Based on reports, Attorney General William Barr has decided to bring an antitrust case against tech-giant Google by the end of the month, against the advice of many of his department’s career staff. Without knowing every argument he wants to make, it’s impossible to respond specifically. But, there is one important class of people that Barr and others like him should certainly keep in mind when they pursue cases like this: consumers. And, while regulators should remain the ‘cop on the beat’ protecting against the exertion of monopoly power, ‘bigness’ alone isn’t a bad thing.

Indeed, the efficiencies generated by “big tech” provide significant benefits that could be lost if regulators ignore the effect on consumers. For example, Instagram successfully pivoted from desktop to mobile services after its acquisition. After it was purchased, Whole Foods allowed the world’s largest online retailer to pair with brick and mortar stores to facilitate the home delivery of groceries, which certainly came in handy for many families locked down on stay-at-home orders because of the pandemic. Google’s expansion from what began as a search engine has allowed users to integrate word processing, email, calendars, web browsing and a wide variety of other services into a single experience.

Of course, these expansions of service into different markets do raise issues for competition. After all, these efficiencies and the network effects present in many social media networks can make it difficult for small firms both to enter the market and to offer similar services at competitive prices. And to be clear, if Google’s conduct served to illegally retain a monopoly in a defined market, the Department of Justice should bring an antitrust claim against the company. That said, the general concerns that currently appear to be driving competition policy have merely to do with the size of these companies alone, rather than with any specific monopolistic behaviors.

This is a dangerous oversimplification because when companies—even big ones—are prohibited from competing, consumers suffer. For example, the success of a particular company on the market is often achieved precisely because the firm manages to innovate or manage its resources in such a way as to provide a better service—often at a lower price—or in a way that provides more value to the consumer. Such behaviors should be encouraged, not punished.

That is why antitrust cases entail complex market and economic analyses to examine how the supposed anti-competitive action affects competition and consumers. For this reason, it is unsurprising that an arbitrary deadline initially proposed by the Attorney General came against the wishes of career staff, as they will need adequate time to perform this vital assessment. And, judging by AG Barr’s dismissal of the staff recommendations, his race to go after big tech appears to be politically motivated, which will almost certainly have negative implications for consumer protection. Regardless of what he ultimately decides, it is critical that we don’t lose sight of the consumer welfare standard moving forward.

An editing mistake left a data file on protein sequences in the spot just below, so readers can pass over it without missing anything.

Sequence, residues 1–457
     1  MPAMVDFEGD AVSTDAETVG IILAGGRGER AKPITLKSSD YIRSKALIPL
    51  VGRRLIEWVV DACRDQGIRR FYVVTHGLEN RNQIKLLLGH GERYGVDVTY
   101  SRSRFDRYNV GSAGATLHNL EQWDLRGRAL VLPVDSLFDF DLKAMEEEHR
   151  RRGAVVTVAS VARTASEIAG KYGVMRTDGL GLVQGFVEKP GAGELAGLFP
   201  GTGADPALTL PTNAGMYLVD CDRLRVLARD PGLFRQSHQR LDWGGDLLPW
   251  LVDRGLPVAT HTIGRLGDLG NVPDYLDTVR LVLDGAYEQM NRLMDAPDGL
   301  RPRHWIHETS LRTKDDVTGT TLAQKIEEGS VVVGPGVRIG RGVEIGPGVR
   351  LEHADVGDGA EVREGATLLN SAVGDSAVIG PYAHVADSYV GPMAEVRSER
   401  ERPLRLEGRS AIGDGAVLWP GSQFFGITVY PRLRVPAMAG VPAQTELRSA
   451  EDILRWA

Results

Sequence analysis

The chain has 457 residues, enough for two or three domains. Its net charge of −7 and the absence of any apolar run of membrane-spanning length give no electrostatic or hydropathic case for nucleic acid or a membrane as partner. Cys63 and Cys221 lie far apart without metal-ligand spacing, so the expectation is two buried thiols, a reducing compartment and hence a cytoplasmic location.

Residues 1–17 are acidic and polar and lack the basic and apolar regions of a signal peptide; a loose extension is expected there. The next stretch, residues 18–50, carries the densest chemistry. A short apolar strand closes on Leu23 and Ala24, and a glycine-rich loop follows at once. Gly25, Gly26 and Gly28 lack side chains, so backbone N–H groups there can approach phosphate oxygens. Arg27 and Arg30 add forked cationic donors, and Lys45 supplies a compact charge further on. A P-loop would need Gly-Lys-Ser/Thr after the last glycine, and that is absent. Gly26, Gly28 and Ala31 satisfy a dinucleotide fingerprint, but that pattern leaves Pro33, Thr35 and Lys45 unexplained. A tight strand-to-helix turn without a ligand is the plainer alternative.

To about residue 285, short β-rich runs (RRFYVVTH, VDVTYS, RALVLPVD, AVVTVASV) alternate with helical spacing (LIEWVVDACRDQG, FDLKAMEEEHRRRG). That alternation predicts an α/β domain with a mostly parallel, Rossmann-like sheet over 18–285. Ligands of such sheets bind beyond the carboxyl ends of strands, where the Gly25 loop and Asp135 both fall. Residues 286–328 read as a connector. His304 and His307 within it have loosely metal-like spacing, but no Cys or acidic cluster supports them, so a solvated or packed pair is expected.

To this end, the Senate Antitrust Subcommittee is holding a hearing today on the Online Advertising Market, wherein Google will, once again, be specifically targeted. This hearing could be a worthwhile exploration of the state of advertising in the United States. For example, it could help to explore whether online advertising is a distinct market in which a platform can exert monopoly power and whether Google illegally maintains a monopoly said market. These are important questions for regulators to consider and we should continue to engage in the rigorous analysis of markets and competition to ensure that consumers are protected.

But, if past hearings on big tech are any indication, it could also quickly devolve into another useless “big is bad” circus. This not only does nothing to get at the heart of any legitimate issues, but it sometimes also has had the unintended effect of demonstrating how little legislators actually know about technology.

Above all else, AG Barr’s move should remind us that politics cannot drive competition policy in the United States because, while politicians may score points against a perceived political target, consumers—and everyday Americans—are the ones who will lose the game entirely. Large technology companies, like any other large companies, create significant efficiencies and provide many invaluable services to consumers in the process. In light of this, in holding their mere size against them, we do so at our own peril.

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